Technical Support Done Right


I often joke that, unlike in college, I face problems where the answer is not in the back of the bookTechnical Support Done Right, as described below, focuses on how I  find a way to solving a problem through 

- Subject Matter Knowledge
- Ownership and 
- Tenacity.

Tech Support, as it is generally defined, implies giving information to a customer so they can resolve the problem. But that is not how I look at it. That definition lacks a certain quality that is critical to my own definition of Technical Support, the ability to 
solve problems. When you look at it from the perspective of solving problems, the definition takes on an enhanced meaning. Problem Solving means activeparticipation in the problem until it is fixed. A minor difference? Not at all. In my mind, a Problem Solver needs to have a spirit of can-do in every case. This spirit is not just wishful thinking, but it is based on my multiple successful experiences making things work in a variety of environments.

Subject Matter Knowledge

So, as a Problem Solver I see a problem or "challenge" and I think "
I have fixed many similar to this one before" and "I can certainly fix this one, too!". This makes me as a Problem Solver an optimist, not in the sense of blind optimism, but in the sense that my experience and training, combined with an attitude of "can-do" provides the tenacity to try different solutions until a successful outcome is achieved.


Problem Solver also means 
taking ownership of a problem. The word "ownership" is abused via overuse, and is usually just lip service. However, for those who actually practice ownership, it is truly empowering. "I am assisting a customer" generally does not create ownership. Thinking that this is my problem to solve moves me towards action. This is an element often ignored in Tech Support organizations. 

Lack of ownership manifests itself as passing the buck. I have been copied on too many tech support emails requesting my help with a support problem which are really just a form of passing the buck to me under the guise of "he is more knowledgeable". If a company had a rule that said "if you have to ask others for help, then you don't belong here", there would be a lot less people dumping their problems on others. Oftentimes the problems are hard and cause people to do hard work, which most people avoid. Work is hard, especially problem solving.  If work was easy, they would call it "tennis".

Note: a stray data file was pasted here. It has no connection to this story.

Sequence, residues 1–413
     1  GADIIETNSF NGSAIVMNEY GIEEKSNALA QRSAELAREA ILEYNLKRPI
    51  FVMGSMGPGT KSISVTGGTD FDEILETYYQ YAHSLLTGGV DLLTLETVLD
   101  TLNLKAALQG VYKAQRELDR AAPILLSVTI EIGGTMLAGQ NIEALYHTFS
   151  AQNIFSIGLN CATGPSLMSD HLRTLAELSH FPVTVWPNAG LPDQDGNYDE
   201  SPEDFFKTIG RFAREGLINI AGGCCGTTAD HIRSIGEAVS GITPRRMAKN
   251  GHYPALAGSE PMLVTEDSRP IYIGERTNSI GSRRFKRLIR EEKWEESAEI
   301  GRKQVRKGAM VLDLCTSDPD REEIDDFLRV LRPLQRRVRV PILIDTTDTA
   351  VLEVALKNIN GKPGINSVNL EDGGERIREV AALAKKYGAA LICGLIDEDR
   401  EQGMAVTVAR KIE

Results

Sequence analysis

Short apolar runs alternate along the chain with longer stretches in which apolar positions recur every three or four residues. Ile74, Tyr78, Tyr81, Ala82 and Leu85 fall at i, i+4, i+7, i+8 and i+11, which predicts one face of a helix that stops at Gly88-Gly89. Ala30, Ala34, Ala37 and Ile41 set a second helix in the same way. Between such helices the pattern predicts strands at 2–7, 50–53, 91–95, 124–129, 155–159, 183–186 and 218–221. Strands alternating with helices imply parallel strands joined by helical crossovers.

So what does Problem Solving look like in practice? My own experience is that 
total immersion in a problem is not only required, it is the only way to be sure of success. I become very creative and, because I feel ownership, I start finding resources that help to resolve the problem. It is up to me as the Tech Support person to find the resources even if it is not immediately apparently what those resources are.

I often find that the biggest problem can be finding the information to help solve the problem! That is where
 tenacity is vital. Tech support must be tenacious in searching and researching solutions, finding others who are knowledgeable for information or blogs or other internetresources that have solved similar problems. My experience is that you make your own luck. When I dig and dig, I get lucky and find relevant information. You really don't need to know where to dig. It is the digging that is critical to finding an answer.

So, when I am solving some problem, my strategy looks a lot like this: 

      • I have Google open in multiple windows to search for clues
      • The customer computer systems is visible in another window (Sametime, WebEx or GoTo Meeting, for example)
      • My own personal test computer system in a third window (every problem solver should have a dedicated system for testing ideas)
      • Additionally, I have any email or KnowledgeBase information open
      • One or more IM chat windows with other staffers who have similar experience.

So, think of it like "Who wants to be a millionaire". We chase the solution with the 
tenacity of a contestant close to the ultimate prize, we use 50/50 split to eliminate options, we "shout out" to a friend, and use all of our collected knowledge.

So, the elements of problem solving are:
      • Subject Matter Knowledge 
      • Ownership of the Problem
      • Attitude of "Can-Do"
      • Tenacity when dealing with obstacles
      • Tapping into others who have similar experiences and knowledge
      • Never Quitting until there is a Solution

In my way, the job of "Tech Support" is not a dreary road, but actually a game show played by one. The prize isn't one million dollars, but I sure feel like a million dollars once I have figured it out!

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